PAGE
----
What Are the Seas that Surround Greece?
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Greece is surrounded on three sides by water. The mainland of Greece is a peninsula surrounded on three sides by water and the country is also comprised of multiple islands, many of which are inhabited. In fact, estimating the amount of islands that make up the country has been difficult, as not all of them are inhabited. It is predicted that the number is anywhere in between 1200 and 6000, with around 200 of them being inhabited.
The mainland and each of the islands are surrounded by the sea, and there is more than one sea to account for in Greece. Here’s more information about the names of the seas that could be found either surrounding mainland Greece or the nation’s islands.
The Mediterranean Sea is connected to the Atlantic Ocean by the Strait of Gibraltar. In ancient times, it was a critical highway between city-states and nations in southern Europe, the Middle East, and North Africa. To the ancient Greeks, the Mediterranean was known as he hemetera thálassa, or “our sea.” Greece’s major metropolitan areas that border the northern Mediterranean include Athens, Heraklion, Thessaloniki and Volos.
Located between the Greek archipelago and the Anatolian peninsula, the Aegean Sea connects to the Black Sea and the Marmara Sea by two straits. Many of Greece’s major islands are located here, including Rhodes and Crete. Greece’s Aegean coast is an important area for wildlife conservation, with Alonnisos Marine Park and other wildlife reserves found here. Crete, Greece’s largest island, is also one of its most popular destinations for travelers on holiday.
The Ionian Sea is a large bay of the Adriatic Sea that spans the distance between Italy on its western shore and Greece on its eastern shore. It includes Calypso Deep, the deepest part of the Mediterranean Sea at over 17,000 feet deep. Greece’s Ionian islands include Corfu, Ithaca, Kefalonia, Kythira, Lefkada, Paxi and Zakynthos. These are the seven major islands of the Ionian island chain, although the chain includes many more small islands.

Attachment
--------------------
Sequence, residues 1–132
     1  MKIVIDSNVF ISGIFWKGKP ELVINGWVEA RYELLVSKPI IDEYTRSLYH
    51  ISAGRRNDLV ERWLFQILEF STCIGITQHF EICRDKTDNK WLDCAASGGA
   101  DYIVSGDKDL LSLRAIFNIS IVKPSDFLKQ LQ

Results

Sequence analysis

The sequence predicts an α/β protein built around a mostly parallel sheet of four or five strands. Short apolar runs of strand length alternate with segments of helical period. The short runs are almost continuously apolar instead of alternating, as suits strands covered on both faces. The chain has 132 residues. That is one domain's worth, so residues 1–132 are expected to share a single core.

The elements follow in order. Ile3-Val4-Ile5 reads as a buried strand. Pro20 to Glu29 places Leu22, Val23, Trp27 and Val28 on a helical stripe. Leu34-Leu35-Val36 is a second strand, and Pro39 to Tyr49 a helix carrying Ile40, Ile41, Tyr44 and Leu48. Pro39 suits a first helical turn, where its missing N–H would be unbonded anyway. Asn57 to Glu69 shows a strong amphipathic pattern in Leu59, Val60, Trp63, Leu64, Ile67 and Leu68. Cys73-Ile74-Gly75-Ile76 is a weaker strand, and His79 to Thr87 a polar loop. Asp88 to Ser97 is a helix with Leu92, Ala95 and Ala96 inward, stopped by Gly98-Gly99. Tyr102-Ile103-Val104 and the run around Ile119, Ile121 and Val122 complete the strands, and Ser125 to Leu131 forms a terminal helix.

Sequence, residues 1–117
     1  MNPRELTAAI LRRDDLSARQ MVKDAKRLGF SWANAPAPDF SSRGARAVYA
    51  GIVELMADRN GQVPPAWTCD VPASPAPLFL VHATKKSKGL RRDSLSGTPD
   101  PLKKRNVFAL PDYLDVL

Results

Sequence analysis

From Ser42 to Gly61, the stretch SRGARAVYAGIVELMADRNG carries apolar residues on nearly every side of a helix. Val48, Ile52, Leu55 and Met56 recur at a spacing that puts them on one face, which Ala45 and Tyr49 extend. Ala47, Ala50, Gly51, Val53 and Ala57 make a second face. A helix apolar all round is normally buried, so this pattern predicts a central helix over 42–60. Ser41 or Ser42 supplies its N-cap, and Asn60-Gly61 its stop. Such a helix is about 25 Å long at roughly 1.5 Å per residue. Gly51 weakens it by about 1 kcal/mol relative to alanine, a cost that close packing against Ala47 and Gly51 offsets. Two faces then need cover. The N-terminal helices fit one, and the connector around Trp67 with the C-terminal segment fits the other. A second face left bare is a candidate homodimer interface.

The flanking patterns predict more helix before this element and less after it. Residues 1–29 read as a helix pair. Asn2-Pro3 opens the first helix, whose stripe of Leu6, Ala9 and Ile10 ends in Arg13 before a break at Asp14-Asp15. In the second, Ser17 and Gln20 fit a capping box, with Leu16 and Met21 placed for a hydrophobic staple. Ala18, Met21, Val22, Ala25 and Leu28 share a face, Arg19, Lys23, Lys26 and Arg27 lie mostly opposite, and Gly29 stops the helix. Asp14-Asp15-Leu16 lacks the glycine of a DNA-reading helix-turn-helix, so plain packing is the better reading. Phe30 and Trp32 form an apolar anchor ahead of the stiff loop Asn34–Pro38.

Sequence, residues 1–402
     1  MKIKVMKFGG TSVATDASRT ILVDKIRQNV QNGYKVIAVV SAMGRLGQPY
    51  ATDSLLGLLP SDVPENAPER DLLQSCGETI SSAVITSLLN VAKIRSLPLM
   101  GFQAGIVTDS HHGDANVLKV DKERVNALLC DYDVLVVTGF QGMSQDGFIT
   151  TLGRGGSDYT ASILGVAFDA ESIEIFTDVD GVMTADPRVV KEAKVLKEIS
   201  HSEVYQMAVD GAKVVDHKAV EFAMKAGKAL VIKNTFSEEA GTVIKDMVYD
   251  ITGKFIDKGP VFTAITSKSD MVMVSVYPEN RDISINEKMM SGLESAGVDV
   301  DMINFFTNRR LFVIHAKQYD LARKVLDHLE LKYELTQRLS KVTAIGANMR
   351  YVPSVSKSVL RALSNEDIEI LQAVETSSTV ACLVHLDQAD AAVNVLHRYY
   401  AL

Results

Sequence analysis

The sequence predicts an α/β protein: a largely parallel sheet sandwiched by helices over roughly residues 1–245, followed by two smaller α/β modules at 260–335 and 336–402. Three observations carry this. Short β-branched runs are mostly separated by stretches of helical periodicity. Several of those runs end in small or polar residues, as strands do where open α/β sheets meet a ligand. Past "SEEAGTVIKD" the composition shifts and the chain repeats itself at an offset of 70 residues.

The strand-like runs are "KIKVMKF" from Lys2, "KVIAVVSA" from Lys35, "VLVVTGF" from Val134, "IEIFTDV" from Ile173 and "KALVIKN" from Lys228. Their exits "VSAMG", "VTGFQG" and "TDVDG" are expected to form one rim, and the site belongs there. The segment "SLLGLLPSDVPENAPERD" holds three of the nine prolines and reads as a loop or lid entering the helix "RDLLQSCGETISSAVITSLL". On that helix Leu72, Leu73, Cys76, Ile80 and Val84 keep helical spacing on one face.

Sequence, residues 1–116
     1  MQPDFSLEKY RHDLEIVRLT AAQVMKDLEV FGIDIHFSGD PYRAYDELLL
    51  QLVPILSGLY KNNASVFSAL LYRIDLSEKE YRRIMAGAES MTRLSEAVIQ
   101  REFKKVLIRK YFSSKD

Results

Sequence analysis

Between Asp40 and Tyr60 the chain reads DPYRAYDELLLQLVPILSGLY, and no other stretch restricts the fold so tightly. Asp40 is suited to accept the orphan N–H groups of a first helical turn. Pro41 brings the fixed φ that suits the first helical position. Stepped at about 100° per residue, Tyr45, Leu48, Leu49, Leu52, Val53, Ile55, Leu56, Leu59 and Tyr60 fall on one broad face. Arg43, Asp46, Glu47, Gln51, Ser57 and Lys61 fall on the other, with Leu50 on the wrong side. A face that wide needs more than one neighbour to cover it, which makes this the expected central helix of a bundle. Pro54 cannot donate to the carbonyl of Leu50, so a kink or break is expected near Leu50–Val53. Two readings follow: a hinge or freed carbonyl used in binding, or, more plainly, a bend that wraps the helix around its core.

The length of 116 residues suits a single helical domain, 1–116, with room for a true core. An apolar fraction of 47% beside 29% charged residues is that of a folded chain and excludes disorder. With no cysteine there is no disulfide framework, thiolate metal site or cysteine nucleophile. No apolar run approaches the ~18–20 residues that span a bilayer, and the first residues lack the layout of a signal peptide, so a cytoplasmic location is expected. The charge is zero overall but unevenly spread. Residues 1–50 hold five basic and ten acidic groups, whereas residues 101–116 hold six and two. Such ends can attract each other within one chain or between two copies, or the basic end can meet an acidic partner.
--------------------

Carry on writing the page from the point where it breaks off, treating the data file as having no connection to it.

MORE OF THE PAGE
The city of Corfu (on the island of the same name) has an Old Town that’s designated as a UNESCO World Heritage Site. Extremely popular as a tourist destination, Corfu was once part of greater Venice and has many buildings in the Venetian architectural style. The Achílleion, a palace and gardens built by the Empress of Austria, is dedicated to Achilles, the hero of the Homeric epic the Iliad, and is now a museum open to the public.
The Myrtoan, or Mirtoan, Sea is the part of the Aegean Sea located between the Cyclades island chain and the Peloponnese, the peninsula region of southern Greece. Here you’ll find the Saronic Gulf (the Gulf of Athens) and, among the Cyclades, the islands of Syros (the most populated isle of the chain), Naxos (the largest in the chain) and Delos, the island sacred to the twin god and goddess Apollo and Artemis in ancient times. Delos is home to numerous historical and archaeological treasures.
The Libyan Sea is the part of the Mediterranean Sea that stretches from the southern coast of Crete to the northern coast of Libya in Northern Africa. Gavdopoula, Gavdos, Koufonisi and Chrysi are the Greek islands located in this sea, although Koufonisi and Chrysi are uninhabited. Chyrsi has no natural source of fresh drinking water, yet it remains popular as a destination in the summer for diving and snorkeling excursions.
While visiting Greece, you will no doubt want to spend time close to the water. Getting to know the different seas that make up the country can help you enjoy it more!
Categorized in: Greek Travel Guide
This post was written by Greek Boston